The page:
A study by the Insurance Institute for Highway Safety shows that the cell phone ban in DC has done nothing to reduce crashes.
Using actual crash statistics, it shows there was no significant difference in the number of accidents in the District, California or New York in the months before and after hands-free laws went into effect.
"Our concern with hand-held bans has been that these laws are encouraging drivers to go hands-free, which is just as risky," said Jonathan Adkins of the Governors Highway Safety Association. "We need more research and data to determine whether or not hand-held bans should be implemented across the country."
Adkins said his group continues to urge states to pass texting bans but to hold off on addressing other cellphone use "until some clarity is achieved."
That talking on the cell phone while driving is dangerous is pretty well established.
The nonprofit National Safety Council, which blames 1.4 million crashes annually on cellphone use, called last year for a ban on cellphone use while driving.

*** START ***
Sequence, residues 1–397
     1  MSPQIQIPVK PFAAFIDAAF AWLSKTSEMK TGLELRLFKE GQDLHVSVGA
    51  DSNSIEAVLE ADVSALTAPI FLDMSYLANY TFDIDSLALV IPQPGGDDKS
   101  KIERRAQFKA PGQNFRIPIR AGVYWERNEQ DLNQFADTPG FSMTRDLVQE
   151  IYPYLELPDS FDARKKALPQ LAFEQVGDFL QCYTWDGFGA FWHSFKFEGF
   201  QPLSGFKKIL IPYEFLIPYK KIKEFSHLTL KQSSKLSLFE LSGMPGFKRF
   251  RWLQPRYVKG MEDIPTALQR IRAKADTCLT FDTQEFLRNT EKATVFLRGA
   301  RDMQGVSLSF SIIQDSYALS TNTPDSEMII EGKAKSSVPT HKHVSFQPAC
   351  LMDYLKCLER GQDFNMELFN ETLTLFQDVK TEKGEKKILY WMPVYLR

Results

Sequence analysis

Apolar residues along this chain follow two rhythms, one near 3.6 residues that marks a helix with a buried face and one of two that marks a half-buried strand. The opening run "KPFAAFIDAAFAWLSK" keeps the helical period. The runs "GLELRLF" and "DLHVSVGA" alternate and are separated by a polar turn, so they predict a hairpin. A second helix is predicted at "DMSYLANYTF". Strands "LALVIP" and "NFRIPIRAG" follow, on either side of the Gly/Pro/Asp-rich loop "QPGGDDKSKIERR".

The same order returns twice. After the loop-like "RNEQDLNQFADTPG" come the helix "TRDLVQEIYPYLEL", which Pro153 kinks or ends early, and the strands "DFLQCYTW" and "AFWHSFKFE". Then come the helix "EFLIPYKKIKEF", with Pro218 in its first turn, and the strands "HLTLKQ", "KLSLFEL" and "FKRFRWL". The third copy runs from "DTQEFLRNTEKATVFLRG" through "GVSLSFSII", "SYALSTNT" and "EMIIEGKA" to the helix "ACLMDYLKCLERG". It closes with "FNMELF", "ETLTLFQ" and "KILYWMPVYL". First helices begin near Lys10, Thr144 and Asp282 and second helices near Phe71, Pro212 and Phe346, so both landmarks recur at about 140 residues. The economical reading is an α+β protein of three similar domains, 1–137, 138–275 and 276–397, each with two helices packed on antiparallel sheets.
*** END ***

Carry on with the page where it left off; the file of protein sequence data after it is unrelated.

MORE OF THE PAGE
The step to take next is not to stop the process of banning distracted driving, but to expand what qualifies as distracted driving to include hands-free phones. It's like we only banned drinking beer and driving, but it's been OK to drink wine or liquor and drive.
"Laws by themselves are not magic bullets," Adkins said. "The laws must be complemented with strong educational programs, enforcement, employer bans and technological advances."
The District has made an effort to enforce the hand-held ban, issuing 7,519 warnings and 12,936 tickets in 2008.
WTOP has the caveat to the study
The research does have some limitations. It looks at all collision claims and does not identify whether drivers were using cell phones when their crashes occurred.
However, prior estimates of the effects of cell phone use on crash risk were so large, and reductions in observed hand-held cellphone use following the laws were so substantial, that reductions even in aggregate crashes would be expected after enactment of hand-held cell phone laws.
So they did see a drop in hand held use because of the law, but I suspect that much of that was replaced by hands-free devices, thus, no drop in accidents.